After months of negotiations, the European Union and the United Kingdom finally reached an agreement on their future trade relations at the very end of last year. As of January 1, 2021, the United Kingdom will no longer be part of the European Union. This will put an end to the free movement of goods and people, among other things.
The trade and cooperation agreement, which will come into force on January 1, 2021, avoids some of the negative consequences of the UK's exit and also creates a framework for future cooperation between the two. The agreement has many facets, however, in what follows we focus only on the consequences for trade between companies based in the EU (Belgium) and the UK.
1. Impact of Brexit on VAT and customs
Situation until the end of 2020
The UK and the EU were part of the same customs union until the end of 2020, which meant that goods could be traded without any customs obligations since there were no internal borders within the single market. In terms of VAT, supplies of goods to the UK were considered an exempt intra-community supply and receipts were considered taxable intra-community acquisitions.
Situation as of 2021
Since January 1, 2021, this came to an end and goods deliveries between the EU and the UK are considered exports and imports. Consequently, customs formalities and other formalities such as food safety checks must be taken into account. This also means that, in principle, import duties are payable when goods are imported. In terms of VAT, sales to the UK are considered an exempt export, whereby proof of exemption must be provided, among other things, by a valid export document. When importing goods from the UK into Belgium, the VAT must be paid at the time the goods are released for free circulation. To avoid pre-financing of the VAT, it can however be shifted to the declaration provided that a license ET 14000 is held. So don't forget to check if you have made the right changes in your accounting package!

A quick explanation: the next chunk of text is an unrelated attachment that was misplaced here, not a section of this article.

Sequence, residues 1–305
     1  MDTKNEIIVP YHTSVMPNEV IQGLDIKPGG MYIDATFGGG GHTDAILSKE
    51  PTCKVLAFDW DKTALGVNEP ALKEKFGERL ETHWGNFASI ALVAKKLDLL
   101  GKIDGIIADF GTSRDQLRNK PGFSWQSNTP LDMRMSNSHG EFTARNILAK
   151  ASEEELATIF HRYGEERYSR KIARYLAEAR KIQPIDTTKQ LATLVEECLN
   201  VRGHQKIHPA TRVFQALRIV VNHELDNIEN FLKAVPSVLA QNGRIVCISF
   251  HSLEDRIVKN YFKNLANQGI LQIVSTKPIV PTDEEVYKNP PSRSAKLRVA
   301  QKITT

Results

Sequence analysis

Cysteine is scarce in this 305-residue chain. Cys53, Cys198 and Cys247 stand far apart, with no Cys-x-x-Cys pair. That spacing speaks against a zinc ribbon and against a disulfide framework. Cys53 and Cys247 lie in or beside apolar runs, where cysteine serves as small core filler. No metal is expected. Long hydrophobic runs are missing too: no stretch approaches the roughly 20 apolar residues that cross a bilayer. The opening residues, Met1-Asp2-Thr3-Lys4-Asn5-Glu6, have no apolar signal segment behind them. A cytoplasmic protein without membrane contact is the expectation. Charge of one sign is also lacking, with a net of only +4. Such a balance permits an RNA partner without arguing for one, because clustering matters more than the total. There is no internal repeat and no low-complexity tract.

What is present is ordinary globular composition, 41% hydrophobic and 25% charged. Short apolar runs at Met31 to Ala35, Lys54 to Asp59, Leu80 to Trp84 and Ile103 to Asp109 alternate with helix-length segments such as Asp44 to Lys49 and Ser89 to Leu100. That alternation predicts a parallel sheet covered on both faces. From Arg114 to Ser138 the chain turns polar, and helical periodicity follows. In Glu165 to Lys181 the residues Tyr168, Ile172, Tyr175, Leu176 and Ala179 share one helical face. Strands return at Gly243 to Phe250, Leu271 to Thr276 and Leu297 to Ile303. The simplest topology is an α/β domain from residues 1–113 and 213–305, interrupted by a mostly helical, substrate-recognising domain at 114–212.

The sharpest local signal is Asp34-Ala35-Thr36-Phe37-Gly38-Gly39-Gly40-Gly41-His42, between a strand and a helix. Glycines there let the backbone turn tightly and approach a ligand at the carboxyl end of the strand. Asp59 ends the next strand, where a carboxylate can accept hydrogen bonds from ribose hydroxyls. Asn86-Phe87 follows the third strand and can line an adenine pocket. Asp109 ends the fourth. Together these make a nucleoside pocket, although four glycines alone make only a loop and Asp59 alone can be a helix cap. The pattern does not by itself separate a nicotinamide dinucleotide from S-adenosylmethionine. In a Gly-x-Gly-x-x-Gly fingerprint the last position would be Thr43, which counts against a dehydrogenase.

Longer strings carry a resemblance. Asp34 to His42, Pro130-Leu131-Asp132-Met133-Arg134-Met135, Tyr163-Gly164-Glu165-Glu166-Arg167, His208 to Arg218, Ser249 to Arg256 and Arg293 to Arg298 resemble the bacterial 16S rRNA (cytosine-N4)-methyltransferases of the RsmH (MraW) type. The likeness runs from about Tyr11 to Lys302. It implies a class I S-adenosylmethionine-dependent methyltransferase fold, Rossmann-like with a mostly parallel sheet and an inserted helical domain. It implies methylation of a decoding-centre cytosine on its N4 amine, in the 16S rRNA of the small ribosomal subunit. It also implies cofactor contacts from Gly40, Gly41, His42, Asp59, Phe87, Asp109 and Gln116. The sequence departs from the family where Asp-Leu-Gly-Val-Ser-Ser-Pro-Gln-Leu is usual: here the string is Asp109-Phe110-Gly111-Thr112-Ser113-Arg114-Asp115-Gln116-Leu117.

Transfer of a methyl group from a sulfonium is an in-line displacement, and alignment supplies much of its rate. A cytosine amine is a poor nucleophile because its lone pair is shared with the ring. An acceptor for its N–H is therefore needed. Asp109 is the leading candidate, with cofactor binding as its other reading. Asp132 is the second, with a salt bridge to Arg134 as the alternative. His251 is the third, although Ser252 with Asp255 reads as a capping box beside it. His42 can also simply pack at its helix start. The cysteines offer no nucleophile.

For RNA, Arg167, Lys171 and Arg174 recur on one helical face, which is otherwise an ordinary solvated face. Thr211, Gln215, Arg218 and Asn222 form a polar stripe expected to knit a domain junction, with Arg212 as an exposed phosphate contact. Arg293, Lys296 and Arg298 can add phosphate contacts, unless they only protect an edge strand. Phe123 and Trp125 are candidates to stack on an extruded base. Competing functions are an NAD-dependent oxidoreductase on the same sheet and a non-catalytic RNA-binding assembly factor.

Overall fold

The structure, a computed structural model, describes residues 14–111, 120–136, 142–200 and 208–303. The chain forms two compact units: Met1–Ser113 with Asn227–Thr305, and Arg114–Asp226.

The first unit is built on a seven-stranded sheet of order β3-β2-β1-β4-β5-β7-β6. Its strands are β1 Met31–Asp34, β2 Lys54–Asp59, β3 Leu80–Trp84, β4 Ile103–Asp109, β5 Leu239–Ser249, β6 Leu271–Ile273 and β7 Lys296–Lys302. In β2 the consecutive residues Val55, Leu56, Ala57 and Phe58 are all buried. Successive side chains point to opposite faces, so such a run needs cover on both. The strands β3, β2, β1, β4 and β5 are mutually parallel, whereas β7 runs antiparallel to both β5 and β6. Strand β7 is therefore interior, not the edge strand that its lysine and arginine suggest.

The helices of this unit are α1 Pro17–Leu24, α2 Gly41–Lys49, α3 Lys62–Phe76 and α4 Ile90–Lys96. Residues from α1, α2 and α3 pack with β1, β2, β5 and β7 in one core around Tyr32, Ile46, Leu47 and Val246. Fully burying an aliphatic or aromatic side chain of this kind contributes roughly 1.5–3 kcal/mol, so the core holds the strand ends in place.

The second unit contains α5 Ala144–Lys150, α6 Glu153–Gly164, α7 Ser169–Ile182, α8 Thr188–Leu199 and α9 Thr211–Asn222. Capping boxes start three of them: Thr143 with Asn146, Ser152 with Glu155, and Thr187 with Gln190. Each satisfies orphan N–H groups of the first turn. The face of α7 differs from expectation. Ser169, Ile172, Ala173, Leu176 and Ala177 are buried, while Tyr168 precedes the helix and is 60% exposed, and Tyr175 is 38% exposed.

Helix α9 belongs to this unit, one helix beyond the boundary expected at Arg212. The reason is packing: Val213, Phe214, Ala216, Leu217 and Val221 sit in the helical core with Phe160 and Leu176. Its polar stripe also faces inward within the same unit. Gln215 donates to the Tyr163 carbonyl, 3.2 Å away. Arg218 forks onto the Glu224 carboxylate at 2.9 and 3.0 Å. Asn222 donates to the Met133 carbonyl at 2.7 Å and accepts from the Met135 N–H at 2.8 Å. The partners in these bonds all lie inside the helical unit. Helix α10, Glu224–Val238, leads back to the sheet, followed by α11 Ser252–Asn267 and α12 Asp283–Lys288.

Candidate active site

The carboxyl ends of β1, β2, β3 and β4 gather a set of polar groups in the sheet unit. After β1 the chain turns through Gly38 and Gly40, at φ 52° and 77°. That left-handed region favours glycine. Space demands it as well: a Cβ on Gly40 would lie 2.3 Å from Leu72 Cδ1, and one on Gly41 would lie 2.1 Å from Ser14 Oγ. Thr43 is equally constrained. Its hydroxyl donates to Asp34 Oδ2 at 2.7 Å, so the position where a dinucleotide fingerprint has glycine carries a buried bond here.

2. Impact of trade agreement: avoiding import duties
Even with the trade agreement in place, trade between the UK and the EU is subject to a lot of (customs) formalities. The preparation of customs declarations and the changed VAT regime are thus a fact. Nevertheless, the payment of the aforementioned import duties can be avoided if the goods are shipped in a foreign country. origin of goods can be demonstrated.
Statement of Origin
One of the most important consequences of the trade agreement is the fact that the EU and the UK have decided to apply zero tariffs on imports and not to apply import quotas for the majority of goods. In concrete terms, this means that no import duties will be payable if goods are imported into the EU from the UK and vice versa. Importantly, however, this exemption does not apply automatically and is subject to conditions.
In order to take advantage of the zero rate or another advantageous rate, the importer must be able to prove that the goods originated in the EU or the UK. This can be done in two ways:
- A declaration by the supplier that the goods were obtained, produced or reworked in the EU or UK and attached to the invoice. When the value of the goods exceeds €6,000 or £5,700, the EU supplier should also attach a statement of origin to the customs declaration obtained via the REX system. For this purpose, the (Belgian) supplier needs to apply for a REX number from the (Belgian) customs. The UK will introduce a similar system.
- Alternatively, the importer may provide its own evidence based on documentary evidence obtained from its supplier or the manufacturer of the goods. In that case, the importer bears full responsibility for the correct application of the rules of origin instead of the supplier-exporter.
For supplies with a combined value of less than €500, no declaration of origin needs to be given.
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